Written by Sierra Bullets Ballistic Technician Paul Box
Everyday we get calls on our 800 line about why does data vary from one manual to another? It’s an honest question and we’re going to take a deeper look into why this happens. The short answer is tolerances, but let’s see what this means.
Everything in this business has a tolerance to stay within. Let’s look at powders first and use IMR-4064 as an example. When the powder manufacturers make a lot of powder, it will be tested to make sure the burn rate is right. Again, just for example let’s say it must fall between one and ten on a scale. The first lot comes in at eight and the second lot at three. They are both within spec, but the second lot is slightly faster.
Brass will be the same way. There will be differences in case weight from one maker to another and this will influence internal capacity.
Primers will have a difference in both flame duration and flame temperature. Again, this will influence pressures also.
Looking at rifles, we see the same thing. Chambers can vary slightly and still be in SAMMI specs. Throat lengths will not only vary from one rifle maker to another, but even the same rifle manufacture will have a difference depending on the reamer that was used. It’s not unusual to see one rifle in .308 vary by .035” from another of the same maker. This also influences max loads.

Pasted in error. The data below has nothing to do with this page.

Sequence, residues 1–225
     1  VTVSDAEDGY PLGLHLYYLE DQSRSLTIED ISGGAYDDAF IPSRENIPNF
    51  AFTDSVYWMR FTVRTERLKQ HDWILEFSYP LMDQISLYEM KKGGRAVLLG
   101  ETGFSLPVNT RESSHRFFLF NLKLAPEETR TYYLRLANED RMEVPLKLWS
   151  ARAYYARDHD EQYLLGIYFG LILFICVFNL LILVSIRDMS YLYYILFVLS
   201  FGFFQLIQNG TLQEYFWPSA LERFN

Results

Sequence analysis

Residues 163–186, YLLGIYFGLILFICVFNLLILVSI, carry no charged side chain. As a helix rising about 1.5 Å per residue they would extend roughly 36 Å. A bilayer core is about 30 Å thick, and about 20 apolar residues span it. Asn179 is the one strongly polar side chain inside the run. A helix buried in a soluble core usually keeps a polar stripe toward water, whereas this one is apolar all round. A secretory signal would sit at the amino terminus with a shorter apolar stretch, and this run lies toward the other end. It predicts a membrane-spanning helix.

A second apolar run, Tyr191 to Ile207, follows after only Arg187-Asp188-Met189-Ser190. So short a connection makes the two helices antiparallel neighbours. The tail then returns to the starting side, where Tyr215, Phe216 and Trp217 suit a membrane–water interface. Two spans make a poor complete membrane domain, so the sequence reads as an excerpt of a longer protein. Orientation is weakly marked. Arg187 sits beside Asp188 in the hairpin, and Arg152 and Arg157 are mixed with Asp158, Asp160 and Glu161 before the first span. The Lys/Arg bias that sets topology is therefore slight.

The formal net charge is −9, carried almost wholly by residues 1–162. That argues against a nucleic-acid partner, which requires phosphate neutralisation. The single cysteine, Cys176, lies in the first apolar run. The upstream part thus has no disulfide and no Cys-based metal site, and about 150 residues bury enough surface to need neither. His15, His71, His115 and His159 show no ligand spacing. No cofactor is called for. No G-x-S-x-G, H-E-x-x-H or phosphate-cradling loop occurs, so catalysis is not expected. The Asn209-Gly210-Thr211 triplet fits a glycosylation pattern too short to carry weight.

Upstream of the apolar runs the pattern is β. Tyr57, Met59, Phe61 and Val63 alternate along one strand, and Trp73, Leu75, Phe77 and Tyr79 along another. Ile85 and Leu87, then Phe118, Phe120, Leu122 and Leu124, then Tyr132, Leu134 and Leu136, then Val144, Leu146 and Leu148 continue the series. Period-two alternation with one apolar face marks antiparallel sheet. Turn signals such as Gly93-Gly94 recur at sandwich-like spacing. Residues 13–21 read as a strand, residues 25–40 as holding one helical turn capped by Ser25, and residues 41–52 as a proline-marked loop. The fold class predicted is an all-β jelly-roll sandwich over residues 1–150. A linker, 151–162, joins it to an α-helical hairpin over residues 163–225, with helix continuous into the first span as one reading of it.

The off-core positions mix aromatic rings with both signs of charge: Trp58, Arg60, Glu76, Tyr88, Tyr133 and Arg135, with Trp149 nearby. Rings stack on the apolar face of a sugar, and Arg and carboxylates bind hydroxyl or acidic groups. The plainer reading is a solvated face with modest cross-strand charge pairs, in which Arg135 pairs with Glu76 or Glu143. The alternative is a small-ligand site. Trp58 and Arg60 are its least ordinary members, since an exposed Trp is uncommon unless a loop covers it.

So what does all of this mean? If one manufacturer shoots data and just by sheer chance has some of their components and their rifle on the upper end of specs, then another manufacture by sheer chance has theirs on the minimum side, we can see a big difference on a max load between different manufactures. On a big cartridge like a 300 Win mag and a slow powder like RL-22 I’ve seen 2.0 grs. difference on a max load between the different manufacturers. So, who is right? Actually they both are. The data from each manufacturer is correct for the components they are using in their rifle.
For many years we have all read in reloading manuals as well as countless magazine articles about the importance of starting low and working up. This is sound advice. Remember, you can always go up.